AWARDS: Named Chicago's "Number One" citizen by Mayor Richard Daley, 1964; J. G. Taylor Spink Award, Baseball Writers' Association of America, 1973; named member of National Baseball Hall of Fame, 1974.

                      CAREER: Played minor league baseball in Pacific Coast League, 1914; worked as sportswriter in San Francisco, CA, for the San Francisco Bulletin, San Francisco Call- Post, and San Francisco Call-Bulletin, beginning 1915; public relations manager for boxer Jack Dempsey, 1921; San Francisco Call-Post, sports editor, 1922; New York Evening Mail, New York, NY, sports editor, 1922; New York Journal, sports reporter, 1923; Chicago Herald Examiner, sports writer, beginning 1923; writer for various Chicago newspapers throughout the 1930s, 1940s, and 1950s, including the Chicago Herald & Examiner, Herald-American, and Chicago Sun. Guest on radio programs.
                      Rockne, Reilly & Lee (Chicago, IL), 1931.

                      Warren's photo/entry in Who's Who in Major League Baseball, edited by Harold (Speed) Johnson, 1933, pp. 510.


                      ----------------------------------------------------------------------------------------------------------------Sporting News' obituary, December 9, 1978, pp. 46, column 2.


                      ----------------------------------------------------------------------------------------------------------------Sporting News' tribute piece, December 15, 1973, pp. 38, column 3.

                      Chicago Tribune obituary, November 21, 1978, pp. B6.


                      Last edited by Bill Burgess; 08-01-2012, 10:55 AM.

                      Comment


                      • #56
                        Francis Joseph Powers

                        Born: November 8, 1895, Milford Center, OH
                        Died: September 3, 1977, Dayton, OH, age 81

                        Dayton / Cleveland / Chicago sports writer;
                        Education; Milford Center & St. Mary's HS; Dayton University; Ohio State College (Columbus, OH).
                        Dayton News (1916),
                        Dayton Herald (1917), (June 5, 1917 WWI Civilian Draft Registration)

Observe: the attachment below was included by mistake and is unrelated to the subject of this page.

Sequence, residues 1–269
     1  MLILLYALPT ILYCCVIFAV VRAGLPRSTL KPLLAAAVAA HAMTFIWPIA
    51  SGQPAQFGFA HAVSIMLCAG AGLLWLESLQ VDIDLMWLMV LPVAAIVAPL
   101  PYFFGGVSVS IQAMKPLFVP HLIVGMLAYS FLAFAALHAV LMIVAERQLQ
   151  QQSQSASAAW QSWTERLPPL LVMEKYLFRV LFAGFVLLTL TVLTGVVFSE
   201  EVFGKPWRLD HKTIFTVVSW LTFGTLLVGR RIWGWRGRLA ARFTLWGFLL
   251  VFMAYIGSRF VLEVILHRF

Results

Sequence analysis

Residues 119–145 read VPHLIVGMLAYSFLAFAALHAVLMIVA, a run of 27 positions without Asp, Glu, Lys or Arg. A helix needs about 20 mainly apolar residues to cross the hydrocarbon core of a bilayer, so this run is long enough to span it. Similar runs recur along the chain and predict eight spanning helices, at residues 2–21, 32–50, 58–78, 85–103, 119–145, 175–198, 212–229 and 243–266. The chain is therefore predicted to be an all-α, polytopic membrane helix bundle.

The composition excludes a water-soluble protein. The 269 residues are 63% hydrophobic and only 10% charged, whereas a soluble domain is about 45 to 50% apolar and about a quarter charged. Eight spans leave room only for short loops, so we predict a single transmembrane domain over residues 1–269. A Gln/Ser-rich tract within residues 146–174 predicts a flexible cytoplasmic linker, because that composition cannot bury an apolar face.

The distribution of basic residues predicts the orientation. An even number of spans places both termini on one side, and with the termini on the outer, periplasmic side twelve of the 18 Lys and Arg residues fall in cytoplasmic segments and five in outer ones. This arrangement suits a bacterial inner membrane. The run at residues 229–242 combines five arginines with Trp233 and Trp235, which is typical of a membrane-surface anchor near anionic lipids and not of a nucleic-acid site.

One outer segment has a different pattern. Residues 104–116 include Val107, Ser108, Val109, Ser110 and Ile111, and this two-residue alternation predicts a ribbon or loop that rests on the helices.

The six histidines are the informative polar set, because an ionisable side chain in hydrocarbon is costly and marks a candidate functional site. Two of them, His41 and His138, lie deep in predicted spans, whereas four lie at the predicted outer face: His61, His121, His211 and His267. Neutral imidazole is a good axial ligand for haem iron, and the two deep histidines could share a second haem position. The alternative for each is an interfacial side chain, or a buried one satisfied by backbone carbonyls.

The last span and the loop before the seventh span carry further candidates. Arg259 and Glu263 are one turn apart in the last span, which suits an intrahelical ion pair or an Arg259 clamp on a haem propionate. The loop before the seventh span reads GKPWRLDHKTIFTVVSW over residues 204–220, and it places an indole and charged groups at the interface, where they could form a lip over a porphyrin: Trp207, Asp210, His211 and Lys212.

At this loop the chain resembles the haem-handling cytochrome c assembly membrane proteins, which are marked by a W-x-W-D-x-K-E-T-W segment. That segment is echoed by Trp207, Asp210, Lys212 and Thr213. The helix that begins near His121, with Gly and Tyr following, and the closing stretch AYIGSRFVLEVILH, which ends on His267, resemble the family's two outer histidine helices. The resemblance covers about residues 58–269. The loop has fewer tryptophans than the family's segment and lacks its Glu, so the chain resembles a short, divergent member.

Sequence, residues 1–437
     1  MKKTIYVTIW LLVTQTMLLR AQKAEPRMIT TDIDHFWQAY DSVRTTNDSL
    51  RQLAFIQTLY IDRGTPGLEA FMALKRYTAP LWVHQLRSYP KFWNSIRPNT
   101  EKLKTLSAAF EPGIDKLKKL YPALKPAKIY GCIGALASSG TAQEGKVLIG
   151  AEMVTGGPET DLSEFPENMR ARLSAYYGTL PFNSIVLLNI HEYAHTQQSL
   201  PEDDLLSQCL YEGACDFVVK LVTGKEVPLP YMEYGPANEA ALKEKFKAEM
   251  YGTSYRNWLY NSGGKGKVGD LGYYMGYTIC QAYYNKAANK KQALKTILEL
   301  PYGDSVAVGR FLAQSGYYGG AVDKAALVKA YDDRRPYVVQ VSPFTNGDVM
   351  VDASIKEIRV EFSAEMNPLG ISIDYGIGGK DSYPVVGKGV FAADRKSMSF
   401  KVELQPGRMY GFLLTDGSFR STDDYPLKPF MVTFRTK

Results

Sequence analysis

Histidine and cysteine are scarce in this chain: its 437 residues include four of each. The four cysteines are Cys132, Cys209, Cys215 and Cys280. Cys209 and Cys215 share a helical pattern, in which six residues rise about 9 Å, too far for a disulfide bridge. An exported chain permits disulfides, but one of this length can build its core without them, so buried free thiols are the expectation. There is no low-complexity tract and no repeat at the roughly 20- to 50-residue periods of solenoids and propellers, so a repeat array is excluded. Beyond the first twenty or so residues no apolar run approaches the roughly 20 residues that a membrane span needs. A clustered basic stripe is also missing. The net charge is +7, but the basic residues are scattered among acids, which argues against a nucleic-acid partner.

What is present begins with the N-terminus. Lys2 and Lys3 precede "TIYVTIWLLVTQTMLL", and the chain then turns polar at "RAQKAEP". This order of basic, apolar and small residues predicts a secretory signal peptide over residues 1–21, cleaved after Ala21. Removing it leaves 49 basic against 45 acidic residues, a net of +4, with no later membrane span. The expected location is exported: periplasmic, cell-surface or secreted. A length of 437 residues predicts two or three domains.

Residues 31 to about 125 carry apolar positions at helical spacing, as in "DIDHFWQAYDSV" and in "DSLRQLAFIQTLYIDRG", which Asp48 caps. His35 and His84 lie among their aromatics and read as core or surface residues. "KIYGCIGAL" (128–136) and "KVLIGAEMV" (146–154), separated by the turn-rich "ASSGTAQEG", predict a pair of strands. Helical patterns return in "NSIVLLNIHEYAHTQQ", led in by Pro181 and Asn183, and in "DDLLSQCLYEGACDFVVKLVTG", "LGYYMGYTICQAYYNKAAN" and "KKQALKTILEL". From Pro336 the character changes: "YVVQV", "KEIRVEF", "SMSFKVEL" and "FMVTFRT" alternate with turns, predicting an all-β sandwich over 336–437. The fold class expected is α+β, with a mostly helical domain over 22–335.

Detroit News, only 3 months (1918),
                        Cleveland Plain Dealer (1919-1923),
                        Cleveland News (1923-1929) ,
                        Chicago Consolidated Press, sports editor (1929-54).
                        Chicago Daily News,
                        Chicago American,
                        Chicago Sun-Times, sports writer, May 14, 1958
                        PR director of college Football's East-West Shrine Football Game (1955-1975, SF,CA)
                        Returned Dayton, OH 1975. Lived Biltmore Hotel. Specialized in football writing during the season, and golf.
                        Member: Sigma Delta Chi; Phi Kappa; secretary, National Golf Writers' Association.

                        Father: Thomas; Mother: Catherine Morrisey.

                        February 28, 1947: George Connor (Notre Dame tackle), Ed Krause (Notre Dame coach), Francis Powers.
                        Presenting the Dr. John Outland award to Connor.


                        ------------------------------------------------------------------------------Francis' photo/entry in Who's Who in Major League Baseball, edited by Harold (Speed) Johnson, 1933, pp. 496.

                        -------------------------------------------------------------------------------------------------------Retiring football writer's President, Francis Powers, presents